These two approaches require different code. To respect the String representation of the Number, we can (with quite a bit of reasonably subtle code) implement our own rounding that acts directly on the String representation, digit by digit, using the same algorithm you would've used in school when you were taught how to round numbers. Below is an example which respects the OP's requirement of representing the number to 2 decimal places "only when necessary" by stripping trailing zeroes after the decimal point; you may, of course, need to tweak it to your precise needs.

``````/**
* Converts num to a decimal string (if it isn't one already) and then rounds it
* to at most dp decimal places.
*
* For explanation of why you'd want to perform rounding operations on a String
* rather than a Number, see http://stackoverflow.com/a/38676273/1709587
*
* @param {(number|string)} num
* @param {number} dp
* @return {string}
*/
function roundStringNumberWithoutTrailingZeroes (num, dp) {
if (arguments.length != 2) throw new Error("2 arguments required");

num = String(num);
if (num.indexOf('e+') != -1) {
// Can't round numbers this large because their string representation
// contains an exponent, like 9.99e+37
throw new Error("num too large");
}
if (num.indexOf('.') == -1) {
// Nothing to do
return num;
}

var parts = num.split('.'),
beforePoint = parts[0],
afterPoint = parts[1],
shouldRoundUp = afterPoint[dp] >= 5,
finalNumber;

afterPoint = afterPoint.slice(0, dp);
if (!shouldRoundUp) {
finalNumber = beforePoint + '.' + afterPoint;
} else if (/^9+\$/.test(afterPoint)) {
// If we need to round up a number like 1.9999, increment the integer
// before the decimal point and discard the fractional part.
finalNumber = Number(beforePoint)+1;
} else {
// Starting from the last digit, increment digits until we find one
// that is not 9, then stop
var i = dp-1;
while (true) {
if (afterPoint[i] == '9') {
afterPoint = afterPoint.substr(0, i) +
'0' +
afterPoint.substr(i+1);
i--;
} else {
afterPoint = afterPoint.substr(0, i) +
(Number(afterPoint[i]) + 1) +
afterPoint.substr(i+1);
break;
}
}

finalNumber = beforePoint + '.' + afterPoint;
}

// Remove trailing zeroes from fractional part before returning
return finalNumber.replace(/0+\$/, '')
}
``````

Example usage:

``````> roundStringNumberWithoutTrailingZeroes(1.6, 2)
'1.6'
> roundStringNumberWithoutTrailingZeroes(10000, 2)
'10000'
> roundStringNumberWithoutTrailingZeroes(0.015, 2)
'0.02'
> roundStringNumberWithoutTrailingZeroes('0.015000', 2)
'0.02'
> roundStringNumberWithoutTrailingZeroes(1, 1)
'1'
> roundStringNumberWithoutTrailingZeroes('0.015', 2)
'0.02'
> roundStringNumberWithoutTrailingZeroes(0.01499999999999999944488848768742172978818416595458984375, 2)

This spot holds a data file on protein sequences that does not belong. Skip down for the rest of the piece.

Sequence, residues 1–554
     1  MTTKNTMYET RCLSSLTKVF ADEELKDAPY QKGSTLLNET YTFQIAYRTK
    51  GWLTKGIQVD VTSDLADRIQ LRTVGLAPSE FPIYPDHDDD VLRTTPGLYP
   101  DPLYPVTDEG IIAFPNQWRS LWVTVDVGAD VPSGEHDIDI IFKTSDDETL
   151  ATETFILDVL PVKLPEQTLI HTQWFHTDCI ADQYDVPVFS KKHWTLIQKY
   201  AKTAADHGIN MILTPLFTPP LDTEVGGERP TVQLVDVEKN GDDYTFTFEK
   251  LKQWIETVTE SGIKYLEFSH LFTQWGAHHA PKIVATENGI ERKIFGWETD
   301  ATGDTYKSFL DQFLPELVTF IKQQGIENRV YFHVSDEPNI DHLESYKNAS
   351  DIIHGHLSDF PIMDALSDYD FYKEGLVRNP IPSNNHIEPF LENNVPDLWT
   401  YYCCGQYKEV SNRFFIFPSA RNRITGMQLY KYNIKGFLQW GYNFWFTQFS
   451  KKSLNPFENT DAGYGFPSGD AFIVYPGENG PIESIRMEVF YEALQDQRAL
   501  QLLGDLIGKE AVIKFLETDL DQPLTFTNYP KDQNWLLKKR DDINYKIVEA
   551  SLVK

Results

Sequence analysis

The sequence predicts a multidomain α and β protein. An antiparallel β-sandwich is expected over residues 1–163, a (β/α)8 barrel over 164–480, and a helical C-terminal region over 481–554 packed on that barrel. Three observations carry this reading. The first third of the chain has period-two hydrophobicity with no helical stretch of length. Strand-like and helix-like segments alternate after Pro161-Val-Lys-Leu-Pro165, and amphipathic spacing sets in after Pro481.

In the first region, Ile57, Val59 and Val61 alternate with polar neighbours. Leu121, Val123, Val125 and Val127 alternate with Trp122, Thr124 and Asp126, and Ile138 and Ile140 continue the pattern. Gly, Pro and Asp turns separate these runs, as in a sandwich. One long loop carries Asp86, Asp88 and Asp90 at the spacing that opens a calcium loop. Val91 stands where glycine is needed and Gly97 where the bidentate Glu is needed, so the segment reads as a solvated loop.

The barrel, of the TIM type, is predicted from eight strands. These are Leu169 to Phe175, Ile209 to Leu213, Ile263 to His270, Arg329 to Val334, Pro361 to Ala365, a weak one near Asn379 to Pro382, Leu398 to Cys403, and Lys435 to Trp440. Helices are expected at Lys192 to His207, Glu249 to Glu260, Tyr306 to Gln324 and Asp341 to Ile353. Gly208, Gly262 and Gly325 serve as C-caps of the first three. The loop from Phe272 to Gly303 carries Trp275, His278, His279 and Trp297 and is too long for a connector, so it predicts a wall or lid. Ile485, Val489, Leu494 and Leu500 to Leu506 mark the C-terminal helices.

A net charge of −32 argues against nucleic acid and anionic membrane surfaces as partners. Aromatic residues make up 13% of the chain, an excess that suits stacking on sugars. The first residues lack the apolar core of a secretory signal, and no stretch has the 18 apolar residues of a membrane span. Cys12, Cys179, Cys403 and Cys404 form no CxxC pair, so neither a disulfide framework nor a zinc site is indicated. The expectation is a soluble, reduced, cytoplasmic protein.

'0.02'
> roundStringNumberWithoutTrailingZeroes('0.01499999999999999944488848768742172978818416595458984375', 2)
'0.01'``````

The function above is probably what you want to use to avoid users ever witnessing numbers that they have entered being rounded wrongly.

(As an alternative, you could also try the round10 library which provides a similarly-behaving function with a wildly different implementation.)

But what if you have the second kind of Number - a value taken from a continuous scale, where there's no reason to think that approximate decimal representations with fewer decimal places are more accurate than those with more? In that case, we don't want to respect the String representation, because that representation (as explained in the spec) is already sort-of-rounded; we don't want to make the mistake of saying "0.014999999...375 rounds up to 0.015, which rounds up to 0.02, so 0.014999999...375 rounds up to 0.02".

Here we can simply use the built-in `toFixed` method. Note that by calling `Number()` on the String returned by `toFixed`, we get a Number whose String representation has no trailing zeroes (thanks to the way JavaScript computes the String representation of a Number, discussed earlier in this answer).

``````/**
* Takes a float and rounds it to at most dp decimal places. For example
*
*     roundFloatNumberWithoutTrailingZeroes(1.2345, 3)
*
* returns 1.234
*
* Note that since this treats the value passed to it as a floating point
* number, it will have counterintuitive results in some cases. For instance,
*
*     roundFloatNumberWithoutTrailingZeroes(0.015, 2)
*
* gives 0.01 where 0.02 might be expected. For an explanation of why, see
* http://stackoverflow.com/a/38676273/1709587. You may want to consider using the
*
* @param {number} num
* @param {number} dp
* @return {number}
*/
function roundFloatNumberWithoutTrailingZeroes (num, dp) {
var numToFixedDp = Number(num).toFixed(dp);
return Number(numToFixedDp);
}
``````
2017/06/01